South Korea Pushes Forward To Advance Its Domestic EV Market


Hyundai IONIQ Electric

Hyundai IONIQ Electric

EVs are not very popular in South Korea, especially in comparison to other countries. As a result, the country plans to solve this problem through reduced taxes and insurance, government subsidies, increased charging station infrastructure, and advanced battery development.

Kia Soul EV

Kia Soul EV

Taxes added to the purchase price of EVs are now being reduced in South Korea. On top of this, tolls and parking costs will come down and the costs to insure the electric cars will be reduced.

A one time subsidy to EV purchasers has also been increased from $10,400 to $12,100.

The Ministry of Trade, Industry, and Energy in South Korea reported that the capital city of Seoul will have a large network of fast chargers by 2020.

The city boasts a population of 10 million, thus plans will be to place a charger about every 2 km (about 1.2 miles), throughout the area. During the same time frame, 4,000 nationwide apartment complexes will get about 30,000 standard chargers.

Another major aspect of the plan involves developing a battery that will more than double current range. The goal is up to 248.5 miles on a single charge. This will compare to or surpass the longest range EVs to date.

South Korea is the fifth largest car manufacturing country on the globe, with 1.8 million vehicles built in the first five months of this year. 1.1 million of these vehicles were sold to overseas markets. The country’s domestic EV market share is currently 0.2 percent.

Director of the Automobile Aerospace Division, Lee Woo-joo, said:

“The lack of domestic e-car infrastructure has been an impediment to e-car development and production in South Korea, but that will change from now.”

The ministry forecasts the domestic EV market share to rise to 0.5 percent next year (admittedly still not that high a number) due to the aggressive plans.  By 2020, the ministry predicts that South Korea will see a 5.3 percent EV market share.

South Korea’s impact on the EV market worldwide will also be boosted as Hyundai and Kia finally embrace plug-ins more fully, after being distracting by fuel cells for the most part this decade prior.

Source: Bloomberg

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6 Comments on "South Korea Pushes Forward To Advance Its Domestic EV Market"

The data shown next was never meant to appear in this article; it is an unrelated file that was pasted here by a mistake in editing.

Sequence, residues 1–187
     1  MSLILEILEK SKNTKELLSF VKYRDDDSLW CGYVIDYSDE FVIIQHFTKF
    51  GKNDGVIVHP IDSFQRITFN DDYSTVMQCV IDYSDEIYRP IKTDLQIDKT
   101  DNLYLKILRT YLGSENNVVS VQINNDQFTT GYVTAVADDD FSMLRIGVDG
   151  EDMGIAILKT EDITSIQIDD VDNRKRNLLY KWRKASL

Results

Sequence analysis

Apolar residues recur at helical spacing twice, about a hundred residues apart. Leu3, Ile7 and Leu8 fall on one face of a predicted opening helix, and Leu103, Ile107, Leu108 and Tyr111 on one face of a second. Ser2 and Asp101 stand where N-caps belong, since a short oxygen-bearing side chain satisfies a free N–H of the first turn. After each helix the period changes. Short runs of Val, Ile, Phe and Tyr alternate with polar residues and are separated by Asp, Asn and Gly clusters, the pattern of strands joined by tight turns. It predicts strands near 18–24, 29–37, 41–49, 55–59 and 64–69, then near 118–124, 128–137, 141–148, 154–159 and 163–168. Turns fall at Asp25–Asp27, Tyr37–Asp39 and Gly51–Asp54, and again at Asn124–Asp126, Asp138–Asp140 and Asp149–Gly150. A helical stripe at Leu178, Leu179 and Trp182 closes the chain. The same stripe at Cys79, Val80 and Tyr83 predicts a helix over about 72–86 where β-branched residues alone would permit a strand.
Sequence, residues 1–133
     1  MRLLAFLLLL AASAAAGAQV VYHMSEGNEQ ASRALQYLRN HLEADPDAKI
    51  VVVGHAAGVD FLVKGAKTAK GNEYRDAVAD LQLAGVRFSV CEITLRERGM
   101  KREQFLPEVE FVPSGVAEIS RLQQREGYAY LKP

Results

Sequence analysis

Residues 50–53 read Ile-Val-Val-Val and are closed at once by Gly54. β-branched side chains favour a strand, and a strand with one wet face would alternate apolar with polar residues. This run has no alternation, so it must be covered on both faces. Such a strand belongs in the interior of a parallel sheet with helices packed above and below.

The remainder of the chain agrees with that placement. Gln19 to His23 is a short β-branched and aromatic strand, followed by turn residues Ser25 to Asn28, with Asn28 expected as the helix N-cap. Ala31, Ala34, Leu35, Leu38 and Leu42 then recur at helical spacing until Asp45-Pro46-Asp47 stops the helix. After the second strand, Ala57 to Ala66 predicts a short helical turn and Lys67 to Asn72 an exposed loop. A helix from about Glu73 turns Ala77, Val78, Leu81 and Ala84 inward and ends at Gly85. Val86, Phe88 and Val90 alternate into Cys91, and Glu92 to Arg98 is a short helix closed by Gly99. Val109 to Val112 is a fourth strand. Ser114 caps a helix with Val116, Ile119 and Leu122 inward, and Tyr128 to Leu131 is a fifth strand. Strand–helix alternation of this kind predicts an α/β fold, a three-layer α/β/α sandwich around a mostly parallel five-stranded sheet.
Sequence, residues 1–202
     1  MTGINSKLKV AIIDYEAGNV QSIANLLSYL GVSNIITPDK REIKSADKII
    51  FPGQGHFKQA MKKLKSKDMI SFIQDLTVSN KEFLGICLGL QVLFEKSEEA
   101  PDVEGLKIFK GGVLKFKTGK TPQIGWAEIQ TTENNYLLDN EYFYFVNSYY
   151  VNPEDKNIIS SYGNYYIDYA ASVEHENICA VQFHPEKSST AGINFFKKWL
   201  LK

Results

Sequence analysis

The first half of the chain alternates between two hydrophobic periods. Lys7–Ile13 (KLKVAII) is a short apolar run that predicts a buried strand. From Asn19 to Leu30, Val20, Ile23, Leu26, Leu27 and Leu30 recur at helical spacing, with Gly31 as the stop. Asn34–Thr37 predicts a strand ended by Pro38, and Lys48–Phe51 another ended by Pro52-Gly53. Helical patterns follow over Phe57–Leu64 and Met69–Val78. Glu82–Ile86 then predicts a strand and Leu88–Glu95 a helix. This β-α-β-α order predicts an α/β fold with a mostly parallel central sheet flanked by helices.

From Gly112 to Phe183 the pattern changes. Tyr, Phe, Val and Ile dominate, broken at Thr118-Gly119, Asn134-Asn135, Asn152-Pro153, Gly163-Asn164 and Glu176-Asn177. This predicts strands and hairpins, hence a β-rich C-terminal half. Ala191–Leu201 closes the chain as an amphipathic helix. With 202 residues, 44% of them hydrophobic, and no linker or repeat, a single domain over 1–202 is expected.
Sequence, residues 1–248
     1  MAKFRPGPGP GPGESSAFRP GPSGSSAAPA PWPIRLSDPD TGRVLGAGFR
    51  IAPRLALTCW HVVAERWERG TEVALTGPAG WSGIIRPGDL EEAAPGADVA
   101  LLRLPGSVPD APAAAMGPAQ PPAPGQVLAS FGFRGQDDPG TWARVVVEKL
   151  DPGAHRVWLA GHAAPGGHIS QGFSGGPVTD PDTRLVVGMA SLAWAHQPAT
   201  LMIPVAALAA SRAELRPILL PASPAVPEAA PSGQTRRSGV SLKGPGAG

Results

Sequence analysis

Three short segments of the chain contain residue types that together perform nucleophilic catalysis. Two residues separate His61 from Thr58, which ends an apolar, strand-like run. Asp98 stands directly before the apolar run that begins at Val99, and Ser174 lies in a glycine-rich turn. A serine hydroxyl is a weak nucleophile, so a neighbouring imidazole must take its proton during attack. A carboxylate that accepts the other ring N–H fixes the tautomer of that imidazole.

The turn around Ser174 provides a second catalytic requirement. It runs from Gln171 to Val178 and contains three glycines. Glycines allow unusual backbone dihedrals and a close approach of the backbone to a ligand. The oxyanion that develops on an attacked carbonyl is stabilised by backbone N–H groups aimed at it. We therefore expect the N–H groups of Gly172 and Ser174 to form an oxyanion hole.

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Bolt Irony: you forgot to mention that despite the fact that the GM Bolt was largely developed in Korea by LG Chem there are no plans to sell it there.
Jeez – why are GM/Opel/Vauxhall having to be dragged kicking and screaming into just doing the obvious simple thing: selling the Bolt and the (2016) Volt – LHD & RHD – everywhere. Identical specs.
Same single-syllable names globally: Bolt, Volt.

Please stop playing these silly King Canute games GM, Opel, Vauxhall et al –
KISS: Keep It Simple Stoopid.

And dump the soft, woolley three syllable name Ampera and four syllable name Ampera-e. (Polysyllabic names can work if they begin with a consonant: how’s about “Vampera” ?!)

Bolt & Volt – great single syllable, punchy, (too?)easy-to-remember tabloid names with wide cross-demographic appeal.(ie. something that Opel clearly still don’t want)

Koreans can simply refer to the “Bolt EV” and the “Volt REEV” or “Volt EREV”.

Paul G Editor
Electric Vehicles UK
See Green Car Reports re: Korea and Bolt, Volt:

Polysyllabic names can work even when they start with a vowel. In fact, even when they start with an A. Lamborghini Aventador anyone??

S. Korea is a right hand drive country, so it shouldn’t be an issue there.

Are you sure about right hand drive. You may be thinking of Japan.

250 mile range batteries exist today. Target 400 if you want to do something new.

If Bolt is priced at $37.5K and subsidy is $12.5K, final price would be $25K. Bolt would probably be better than all cars at that price range.

But the biggest problem will be charging. Most Korean’s don’t have garages, instead street parking, even many who live in high rise condos. One only has to see K-Dramas to see this (yea, fiction, I know). 10 minutes at gas station once a month works well, 1 hour at DCFC every 2 weeks (or less!) is going be huge burden.

It will be interesting if Koreans can solve the charging issue, but just putting in chargers from central government probably won’t work.